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MONDAY, Jan. 6, 2020 (HealthDay News) -- Most older Americans don't fully rely on or trust online ratings of doctors, a new study finds.
Among men and women between the ages of 50 and 80, only 43% have looked online to see how patients rated a doctor, researchers report.
Of these, two-thirds chose a doctor because of good online ratings and reviews, according to the National Poll on Healthy Aging, conducted by the University of Michigan Institute for Healthcare Policy. More than 2,000 older adults were canvassed and the results were published Jan. 6.
But online reviews were given as much weight as what these older adults heard from family and friends.
"People of all ages are turning to the web to find information, so it is not surprising that older Americans are looking up physician ratings online," said researcher Dr. David Hanauer, an associate professor at the University of Michigan.
"But it is a bit of a surprise that these online ratings now carry as much weight as recommendations from family and friends," he said in a university news release.
More than online ratings or word of mouth, 61% of older adults were swayed by the wait time for an appointment and about 40% by recommendations from other doctors or the doctor's level of experience.
Only 7% said they had posted a review or rating of a doctor online, the researchers found.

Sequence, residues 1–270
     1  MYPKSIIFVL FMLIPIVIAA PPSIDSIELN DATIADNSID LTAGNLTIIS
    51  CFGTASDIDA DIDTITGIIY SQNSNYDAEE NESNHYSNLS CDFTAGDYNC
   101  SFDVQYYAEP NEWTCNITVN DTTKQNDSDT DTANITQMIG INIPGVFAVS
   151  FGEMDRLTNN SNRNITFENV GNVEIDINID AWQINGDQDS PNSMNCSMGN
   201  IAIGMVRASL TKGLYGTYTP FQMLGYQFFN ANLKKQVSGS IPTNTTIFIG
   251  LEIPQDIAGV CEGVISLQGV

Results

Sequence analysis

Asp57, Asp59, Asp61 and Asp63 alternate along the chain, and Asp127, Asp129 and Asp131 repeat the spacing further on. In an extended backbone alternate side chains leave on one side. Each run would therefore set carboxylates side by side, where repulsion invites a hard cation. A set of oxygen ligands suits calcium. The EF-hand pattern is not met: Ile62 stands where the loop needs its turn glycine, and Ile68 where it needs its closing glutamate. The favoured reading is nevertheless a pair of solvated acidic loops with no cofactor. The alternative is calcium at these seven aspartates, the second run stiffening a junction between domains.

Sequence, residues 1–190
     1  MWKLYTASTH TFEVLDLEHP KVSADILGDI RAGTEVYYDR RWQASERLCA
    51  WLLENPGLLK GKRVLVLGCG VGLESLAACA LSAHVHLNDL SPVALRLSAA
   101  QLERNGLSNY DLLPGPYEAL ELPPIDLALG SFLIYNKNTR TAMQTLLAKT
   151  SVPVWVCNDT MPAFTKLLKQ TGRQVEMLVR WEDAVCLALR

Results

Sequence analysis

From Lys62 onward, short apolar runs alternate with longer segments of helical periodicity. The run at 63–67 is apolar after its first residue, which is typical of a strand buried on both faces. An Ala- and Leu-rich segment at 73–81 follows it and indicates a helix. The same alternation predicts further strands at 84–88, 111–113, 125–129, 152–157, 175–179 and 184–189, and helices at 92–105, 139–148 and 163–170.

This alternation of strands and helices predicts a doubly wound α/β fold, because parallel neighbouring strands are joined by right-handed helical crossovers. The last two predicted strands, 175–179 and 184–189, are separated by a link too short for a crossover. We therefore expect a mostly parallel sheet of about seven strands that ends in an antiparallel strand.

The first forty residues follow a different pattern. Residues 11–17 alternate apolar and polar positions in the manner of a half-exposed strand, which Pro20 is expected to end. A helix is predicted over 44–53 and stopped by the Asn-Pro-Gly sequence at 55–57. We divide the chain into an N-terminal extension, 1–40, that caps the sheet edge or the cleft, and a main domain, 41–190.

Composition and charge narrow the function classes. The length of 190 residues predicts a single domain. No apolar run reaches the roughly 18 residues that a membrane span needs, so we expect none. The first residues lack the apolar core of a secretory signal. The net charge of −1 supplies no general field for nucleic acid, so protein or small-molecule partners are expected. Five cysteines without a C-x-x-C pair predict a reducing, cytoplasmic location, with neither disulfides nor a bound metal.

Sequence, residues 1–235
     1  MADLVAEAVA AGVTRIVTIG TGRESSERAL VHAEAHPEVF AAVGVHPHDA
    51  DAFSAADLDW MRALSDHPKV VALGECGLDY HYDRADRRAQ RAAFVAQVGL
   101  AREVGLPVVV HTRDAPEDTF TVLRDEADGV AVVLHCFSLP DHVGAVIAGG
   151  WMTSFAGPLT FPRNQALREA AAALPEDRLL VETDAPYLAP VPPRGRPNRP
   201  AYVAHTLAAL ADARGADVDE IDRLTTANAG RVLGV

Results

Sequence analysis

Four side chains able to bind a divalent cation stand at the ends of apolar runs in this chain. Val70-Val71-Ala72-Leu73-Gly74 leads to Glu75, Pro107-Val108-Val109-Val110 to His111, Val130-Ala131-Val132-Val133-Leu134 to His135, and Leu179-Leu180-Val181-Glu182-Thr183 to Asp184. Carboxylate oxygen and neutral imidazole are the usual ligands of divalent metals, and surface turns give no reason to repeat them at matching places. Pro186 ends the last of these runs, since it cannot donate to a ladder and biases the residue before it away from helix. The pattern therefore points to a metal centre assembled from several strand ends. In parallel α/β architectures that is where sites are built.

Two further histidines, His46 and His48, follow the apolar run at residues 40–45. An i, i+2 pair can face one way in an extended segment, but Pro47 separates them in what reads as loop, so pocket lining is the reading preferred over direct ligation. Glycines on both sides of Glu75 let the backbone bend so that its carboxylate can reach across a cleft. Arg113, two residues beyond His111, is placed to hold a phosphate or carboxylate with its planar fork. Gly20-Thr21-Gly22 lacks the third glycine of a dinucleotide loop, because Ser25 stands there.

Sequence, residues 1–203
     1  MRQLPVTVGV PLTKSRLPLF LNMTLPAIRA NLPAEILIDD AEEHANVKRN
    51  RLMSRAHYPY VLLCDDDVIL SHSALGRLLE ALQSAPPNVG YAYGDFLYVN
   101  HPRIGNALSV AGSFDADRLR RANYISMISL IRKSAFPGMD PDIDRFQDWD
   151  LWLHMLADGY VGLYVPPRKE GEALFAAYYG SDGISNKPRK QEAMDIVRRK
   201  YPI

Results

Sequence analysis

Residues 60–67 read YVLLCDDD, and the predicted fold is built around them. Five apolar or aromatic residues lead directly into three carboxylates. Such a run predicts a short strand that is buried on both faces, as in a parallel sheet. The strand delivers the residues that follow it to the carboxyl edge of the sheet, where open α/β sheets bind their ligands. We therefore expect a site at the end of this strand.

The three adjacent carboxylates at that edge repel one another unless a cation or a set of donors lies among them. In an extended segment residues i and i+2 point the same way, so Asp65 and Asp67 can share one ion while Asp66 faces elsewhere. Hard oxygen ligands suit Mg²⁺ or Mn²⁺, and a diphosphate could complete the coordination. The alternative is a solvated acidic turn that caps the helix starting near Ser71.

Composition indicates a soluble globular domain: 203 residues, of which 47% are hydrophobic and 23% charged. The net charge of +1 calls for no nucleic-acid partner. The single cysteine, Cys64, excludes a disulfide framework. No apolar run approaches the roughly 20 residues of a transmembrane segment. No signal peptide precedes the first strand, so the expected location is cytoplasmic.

"Finding a new doctor can be stressful. Online rating might be one of many sources of information that can help older adults navigate this process," poll director Dr. Preeti Malani said in the release. She is a professor of internal medicine at the University of Michigan.
The poll showed that older adults are media-savvy, the researchers noted.
Among those who did look at reviews, 69% said they wouldn't choose a doctor who had mostly negative reviews and 71% said that some bad reviews among lots of positive reviews wouldn't stop them from choosing a doctor.
"This survey makes it clear that although online physician reviews and ratings are important to older consumers, they are savvy about information gathered on the internet and have a healthy dose of skepticism around them, too," said Alison Bryant, senior vice president of research for AARP, which helped fund the poll.
-- Steven Reinberg
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